Discussing everything from the brands origins to his relationship with Palace.
There is no denying that Blondey McCoy has mad a name for himself in the streetwear scene. The skater/model/designer/artist recently sat down with END. clothing to discuss the early days of the brand, his relationship with Palace, his creative process and recent collaborations with Stephen Jones, Fred Perry and Damien Hirst.
Check out the interview below and make sure you hit up END. to see the latest Thames SS18 collection.
On the early days of Thames:
“I think most kids make art when they’re really young and I’ve just never stopped, so my art predates Thames by as long as I can remember. It was in 2012 I started making Thames branded artwork. At the age of 14, my influences were so disparate and all over the place that my artwork didn’t have a defining style. I figured the solution was to put a name to it, like signing a work but very obviously so that it all fits together. … I wasn’t consciously creating a brand, it was just a way of keeping everything under one lid and because I was so obsessed with the skateboarding world I started making works which essentially looked better on t-shirts and stickers than on a wall. I was gradually and unknowingly building a brand.”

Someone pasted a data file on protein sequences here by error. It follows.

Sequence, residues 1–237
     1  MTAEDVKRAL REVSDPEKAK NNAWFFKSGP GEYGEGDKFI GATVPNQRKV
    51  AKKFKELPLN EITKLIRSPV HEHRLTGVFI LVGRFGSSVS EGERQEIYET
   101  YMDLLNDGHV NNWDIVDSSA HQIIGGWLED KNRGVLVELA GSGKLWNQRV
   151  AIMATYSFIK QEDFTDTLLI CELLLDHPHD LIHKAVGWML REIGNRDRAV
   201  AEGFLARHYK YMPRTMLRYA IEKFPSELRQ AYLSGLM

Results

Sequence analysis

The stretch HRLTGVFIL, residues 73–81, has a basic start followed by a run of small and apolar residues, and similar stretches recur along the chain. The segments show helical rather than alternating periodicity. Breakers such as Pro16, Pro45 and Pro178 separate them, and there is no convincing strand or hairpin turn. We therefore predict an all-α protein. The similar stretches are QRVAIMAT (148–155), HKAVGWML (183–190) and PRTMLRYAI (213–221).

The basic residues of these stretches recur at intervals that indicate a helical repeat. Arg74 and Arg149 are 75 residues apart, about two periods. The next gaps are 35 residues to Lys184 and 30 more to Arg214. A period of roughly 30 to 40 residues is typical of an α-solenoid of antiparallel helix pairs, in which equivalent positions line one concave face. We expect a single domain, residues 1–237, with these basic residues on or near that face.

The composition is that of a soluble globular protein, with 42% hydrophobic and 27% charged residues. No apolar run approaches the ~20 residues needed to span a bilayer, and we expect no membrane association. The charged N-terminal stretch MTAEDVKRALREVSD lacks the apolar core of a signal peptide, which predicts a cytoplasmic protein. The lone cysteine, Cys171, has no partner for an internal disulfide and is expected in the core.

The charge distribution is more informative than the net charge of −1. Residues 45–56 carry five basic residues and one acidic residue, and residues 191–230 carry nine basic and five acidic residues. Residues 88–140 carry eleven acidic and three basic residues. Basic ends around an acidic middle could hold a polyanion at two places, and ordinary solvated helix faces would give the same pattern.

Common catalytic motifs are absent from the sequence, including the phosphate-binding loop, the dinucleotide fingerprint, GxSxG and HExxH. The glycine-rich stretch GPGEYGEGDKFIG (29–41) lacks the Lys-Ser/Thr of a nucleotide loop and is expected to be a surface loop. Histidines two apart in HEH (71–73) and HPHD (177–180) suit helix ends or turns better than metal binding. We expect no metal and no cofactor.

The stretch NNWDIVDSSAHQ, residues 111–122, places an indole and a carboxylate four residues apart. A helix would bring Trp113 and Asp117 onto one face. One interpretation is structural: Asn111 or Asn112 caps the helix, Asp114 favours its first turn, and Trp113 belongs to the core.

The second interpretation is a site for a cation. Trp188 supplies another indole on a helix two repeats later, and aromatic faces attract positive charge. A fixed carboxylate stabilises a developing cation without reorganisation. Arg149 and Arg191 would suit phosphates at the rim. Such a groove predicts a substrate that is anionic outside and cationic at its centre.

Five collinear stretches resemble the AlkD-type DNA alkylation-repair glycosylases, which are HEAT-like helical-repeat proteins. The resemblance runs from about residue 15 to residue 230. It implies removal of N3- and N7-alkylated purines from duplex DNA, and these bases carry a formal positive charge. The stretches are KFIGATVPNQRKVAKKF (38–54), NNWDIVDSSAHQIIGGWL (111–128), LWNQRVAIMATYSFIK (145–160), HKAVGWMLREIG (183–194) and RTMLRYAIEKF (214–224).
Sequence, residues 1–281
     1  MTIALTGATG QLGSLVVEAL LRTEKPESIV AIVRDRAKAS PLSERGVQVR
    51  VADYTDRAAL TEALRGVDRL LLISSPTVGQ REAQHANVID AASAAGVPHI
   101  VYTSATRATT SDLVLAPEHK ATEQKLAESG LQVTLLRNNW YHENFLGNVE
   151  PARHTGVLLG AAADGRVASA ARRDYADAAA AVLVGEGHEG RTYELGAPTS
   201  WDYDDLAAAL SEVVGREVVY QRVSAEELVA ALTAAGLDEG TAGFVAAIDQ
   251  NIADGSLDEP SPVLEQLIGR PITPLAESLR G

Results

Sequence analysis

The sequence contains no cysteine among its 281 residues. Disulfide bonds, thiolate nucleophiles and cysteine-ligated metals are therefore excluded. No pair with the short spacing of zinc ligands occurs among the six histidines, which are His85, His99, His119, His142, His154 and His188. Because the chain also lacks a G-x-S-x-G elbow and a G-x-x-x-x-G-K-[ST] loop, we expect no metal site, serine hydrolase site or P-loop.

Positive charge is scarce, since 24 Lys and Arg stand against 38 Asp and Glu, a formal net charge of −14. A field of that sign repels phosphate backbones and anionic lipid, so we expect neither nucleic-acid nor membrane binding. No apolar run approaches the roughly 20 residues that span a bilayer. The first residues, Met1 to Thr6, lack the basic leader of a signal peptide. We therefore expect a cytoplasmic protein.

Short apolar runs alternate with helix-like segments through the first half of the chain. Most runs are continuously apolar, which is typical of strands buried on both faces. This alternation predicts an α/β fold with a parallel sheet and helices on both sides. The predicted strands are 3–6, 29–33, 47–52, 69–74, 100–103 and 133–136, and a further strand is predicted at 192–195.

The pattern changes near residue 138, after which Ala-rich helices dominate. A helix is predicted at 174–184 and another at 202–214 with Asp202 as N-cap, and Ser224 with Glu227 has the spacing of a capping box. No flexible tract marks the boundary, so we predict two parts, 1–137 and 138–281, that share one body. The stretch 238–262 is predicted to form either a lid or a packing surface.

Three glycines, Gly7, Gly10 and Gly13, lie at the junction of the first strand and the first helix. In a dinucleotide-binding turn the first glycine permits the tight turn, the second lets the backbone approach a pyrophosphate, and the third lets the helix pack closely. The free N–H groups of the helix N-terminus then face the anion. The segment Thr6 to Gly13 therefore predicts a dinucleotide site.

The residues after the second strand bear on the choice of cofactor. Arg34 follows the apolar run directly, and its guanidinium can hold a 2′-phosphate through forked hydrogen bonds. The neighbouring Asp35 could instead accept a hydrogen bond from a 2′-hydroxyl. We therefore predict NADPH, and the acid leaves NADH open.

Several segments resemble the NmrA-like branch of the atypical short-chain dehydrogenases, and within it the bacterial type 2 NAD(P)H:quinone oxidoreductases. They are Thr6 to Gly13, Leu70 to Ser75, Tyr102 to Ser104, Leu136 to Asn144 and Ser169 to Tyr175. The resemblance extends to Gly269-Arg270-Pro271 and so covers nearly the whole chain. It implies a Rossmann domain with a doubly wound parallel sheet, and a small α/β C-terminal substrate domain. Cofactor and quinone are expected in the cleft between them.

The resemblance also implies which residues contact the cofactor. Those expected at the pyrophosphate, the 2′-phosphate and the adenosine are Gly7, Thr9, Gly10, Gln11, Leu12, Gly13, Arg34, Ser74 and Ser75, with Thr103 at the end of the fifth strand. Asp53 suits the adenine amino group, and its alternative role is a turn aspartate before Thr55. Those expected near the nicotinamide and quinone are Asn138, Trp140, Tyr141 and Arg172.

On working with Palace:
“I suppose it legitimised Thames as a brand. It takes a lot to run a company properly, even coming up with a certain number of graphics per season and art directing the lookbooks, let alone reach out to shops about stocking it or keep on top of press around it. There was also no financial pressure, Palace was already doing so well at that point and they just liked what I was doing and wanted to help Thames realise it’s potential by letting me focus on the art.”
“Skateboarding taught me self-confidence and not to need people’s approval to be who you want. Perhaps a little too much. A hundred skaters can do the same trick, but they all do it differently. I always find that amazing. It’s cliched to say, but there are skaters who look more fluid falling off their board than others who are doing the most technically advanced, horrific tricks and robotically making them every time. I think British skateboarding has often been a case of style over substance when compared to American skateboarding.”